the right guy is worth waiting for

This weekend before the Fourth, I was in Chicago to be part of my friend Jamie's wedding. Jamie and I went to school  at Indiana University together. I stood as a bridesmaid, alongside three of our closest friends from college. The entire weekend was emotional for me - Jamie and Ray are one of those couples that feel so right. Seeing the way they've both grown together and as individuals during the last five years made me so proud of them and honored to have been able to watch the process. 

At the reception, I was dancing with the other bridesmaids when I realized that all five of us are in healthy relationships that vary from 12 months to five years in duration. The thought caught me off guard. 

You see, it has not always been this way for us. It took us a long time to collectively reach this point.

There has been heartache and heartbreak. There have been guys who never called back. And guys we didn't want to call back. There have been guys who disappeared out of thin air. There have been breakups and fizzle outs and good dates and bad dates and mediocre dates. There have been periods of many dates and periods of no dates.

There has been a whole mess of unrest that naturally occurs when you date in your 20s and are yearning to know what your future holds. 

It got me thinking about people our age and how it's really important that we don't settle for the wrong guy. 

When you are craving comfort, ease and companionship, it's easy to go down the wrong path with someone. When you want to be married or in a relationship so badly, it's easy to begin the process with the wrong person. When you're aching to be known and end the deep loneliness that your 20s can bring, it can be tempting to settle. Especially as more and more of your friends continue to get engaged and married and have babies. The comparison trap is real and deep.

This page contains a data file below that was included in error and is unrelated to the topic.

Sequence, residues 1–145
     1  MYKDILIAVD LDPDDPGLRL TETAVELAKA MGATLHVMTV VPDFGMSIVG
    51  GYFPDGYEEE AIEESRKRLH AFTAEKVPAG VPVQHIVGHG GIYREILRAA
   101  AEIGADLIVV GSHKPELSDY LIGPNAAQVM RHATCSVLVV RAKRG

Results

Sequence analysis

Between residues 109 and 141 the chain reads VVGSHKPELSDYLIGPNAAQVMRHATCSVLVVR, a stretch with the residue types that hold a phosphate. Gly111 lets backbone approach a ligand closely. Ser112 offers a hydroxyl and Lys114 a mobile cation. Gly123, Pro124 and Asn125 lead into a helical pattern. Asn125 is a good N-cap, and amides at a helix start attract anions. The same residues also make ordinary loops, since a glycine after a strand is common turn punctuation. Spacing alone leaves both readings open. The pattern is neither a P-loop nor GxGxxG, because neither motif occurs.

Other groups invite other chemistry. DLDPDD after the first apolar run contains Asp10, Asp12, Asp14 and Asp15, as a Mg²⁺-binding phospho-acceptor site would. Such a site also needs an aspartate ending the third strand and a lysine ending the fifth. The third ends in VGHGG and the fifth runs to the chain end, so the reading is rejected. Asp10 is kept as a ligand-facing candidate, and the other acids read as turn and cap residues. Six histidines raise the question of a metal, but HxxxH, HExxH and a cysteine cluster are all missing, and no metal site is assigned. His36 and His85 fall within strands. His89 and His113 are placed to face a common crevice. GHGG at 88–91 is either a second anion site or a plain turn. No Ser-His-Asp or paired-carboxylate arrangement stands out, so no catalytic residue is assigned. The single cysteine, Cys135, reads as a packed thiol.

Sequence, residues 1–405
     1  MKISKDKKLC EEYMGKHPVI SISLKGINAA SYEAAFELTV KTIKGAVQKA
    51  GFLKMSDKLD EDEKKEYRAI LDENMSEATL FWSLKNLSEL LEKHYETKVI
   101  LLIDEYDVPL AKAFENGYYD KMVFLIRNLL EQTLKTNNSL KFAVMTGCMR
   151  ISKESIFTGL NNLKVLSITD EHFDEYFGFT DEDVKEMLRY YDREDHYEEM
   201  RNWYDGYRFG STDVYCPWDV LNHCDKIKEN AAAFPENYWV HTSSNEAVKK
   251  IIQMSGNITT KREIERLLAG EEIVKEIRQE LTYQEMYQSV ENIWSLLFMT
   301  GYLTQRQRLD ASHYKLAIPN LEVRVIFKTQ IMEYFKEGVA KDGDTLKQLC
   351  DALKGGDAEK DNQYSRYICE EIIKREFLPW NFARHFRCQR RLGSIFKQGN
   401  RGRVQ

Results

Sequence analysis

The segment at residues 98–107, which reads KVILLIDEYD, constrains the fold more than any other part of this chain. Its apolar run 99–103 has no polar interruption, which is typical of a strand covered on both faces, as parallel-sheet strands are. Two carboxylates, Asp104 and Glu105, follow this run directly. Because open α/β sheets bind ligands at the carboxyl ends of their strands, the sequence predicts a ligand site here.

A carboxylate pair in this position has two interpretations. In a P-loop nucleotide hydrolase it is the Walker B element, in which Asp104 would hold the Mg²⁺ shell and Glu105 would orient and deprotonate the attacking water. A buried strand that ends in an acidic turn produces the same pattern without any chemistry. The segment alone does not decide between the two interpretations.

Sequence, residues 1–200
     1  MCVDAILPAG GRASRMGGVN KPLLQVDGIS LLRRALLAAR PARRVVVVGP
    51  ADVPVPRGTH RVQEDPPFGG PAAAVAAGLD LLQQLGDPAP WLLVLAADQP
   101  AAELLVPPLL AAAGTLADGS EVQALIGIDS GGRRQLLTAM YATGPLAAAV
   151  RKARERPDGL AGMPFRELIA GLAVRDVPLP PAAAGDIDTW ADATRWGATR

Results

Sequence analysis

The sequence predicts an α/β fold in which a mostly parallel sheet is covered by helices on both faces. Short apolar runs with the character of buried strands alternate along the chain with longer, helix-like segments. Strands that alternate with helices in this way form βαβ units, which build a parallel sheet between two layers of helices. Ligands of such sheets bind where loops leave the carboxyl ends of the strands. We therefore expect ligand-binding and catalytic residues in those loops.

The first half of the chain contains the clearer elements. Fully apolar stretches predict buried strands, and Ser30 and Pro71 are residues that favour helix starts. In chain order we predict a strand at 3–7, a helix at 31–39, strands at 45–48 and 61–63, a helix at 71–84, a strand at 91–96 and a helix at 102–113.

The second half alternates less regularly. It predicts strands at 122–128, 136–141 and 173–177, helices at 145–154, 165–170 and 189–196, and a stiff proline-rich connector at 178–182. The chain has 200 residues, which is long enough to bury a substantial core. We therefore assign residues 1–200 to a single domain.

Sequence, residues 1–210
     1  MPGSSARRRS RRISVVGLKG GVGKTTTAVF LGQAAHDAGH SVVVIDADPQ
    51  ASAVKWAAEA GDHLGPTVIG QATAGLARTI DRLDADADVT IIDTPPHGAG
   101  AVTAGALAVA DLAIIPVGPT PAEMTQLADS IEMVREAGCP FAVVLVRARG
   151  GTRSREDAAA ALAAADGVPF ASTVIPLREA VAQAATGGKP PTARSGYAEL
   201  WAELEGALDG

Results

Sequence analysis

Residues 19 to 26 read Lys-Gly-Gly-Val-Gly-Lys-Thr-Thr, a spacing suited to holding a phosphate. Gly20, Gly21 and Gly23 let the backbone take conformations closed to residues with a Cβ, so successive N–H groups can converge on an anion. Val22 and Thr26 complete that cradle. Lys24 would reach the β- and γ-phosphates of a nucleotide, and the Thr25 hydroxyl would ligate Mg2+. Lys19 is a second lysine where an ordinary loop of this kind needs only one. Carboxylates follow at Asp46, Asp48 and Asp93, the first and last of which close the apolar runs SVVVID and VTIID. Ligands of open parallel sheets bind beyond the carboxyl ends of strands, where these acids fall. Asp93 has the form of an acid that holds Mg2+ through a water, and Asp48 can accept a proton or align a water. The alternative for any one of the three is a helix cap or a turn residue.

But I think it's really important that we don't confuse settling down with settling. 

It can be tempting to ignore that feeling in your gut or the thoughts in the back of your mind that it might not be right. A lot of the emails I receive ask me this question: how do I know if it's right?

I can't answer that for you (although I do have personal rules on how you know if you should break up with someone).

And I can confidently tell you this:
- If you find yourself constantly questioning your relationship
- If you are staying in it because you're afraid of being single or spending weekends and weddings alone 
- If you find yourself worried that all the good guys are taken
- If you find yourself constantly annoyed of someone 
- If you are vacillating between wanting him to propose and thinking you should break up with him 
- If you find yourself wondering what else is out there

These are worth examining. These aren't necessarily reasons to end a relationship. But, I know for sure they aren't reasons that you should stay

Each of those reasons is wrapped in fear and the worst thing we can do is let fear be our guiding light. 

There was definitely a time when I was willing to accept mediocre relationships instead of full, joyful relationships. I was afraid to begin again. I was afraid to spend Friday nights alone. I was afraid to lose my dance partner at weddings. And, deep down, I don't know if I truly believed I deserved a full relationship with the best love. 

If you're like I was, take it from me: you deserve a really great relationship. You deserve to be pursued, respected and treated well. You deserve laughter and joy and happiness. 

Will it always be easy? Nope. Will there ever be frustration and pain? Yep. But you won't find yourself lying awake at night, wondering if you're in the right relationship. 

I know the waiting is tiring and lonely. It hurts. But as much as waiting now hurts, it's less than the pain of a broken relationship or marriage down the road. And, in the meantime, don't forget that you are fearfully and wonderfully made. And you are enough.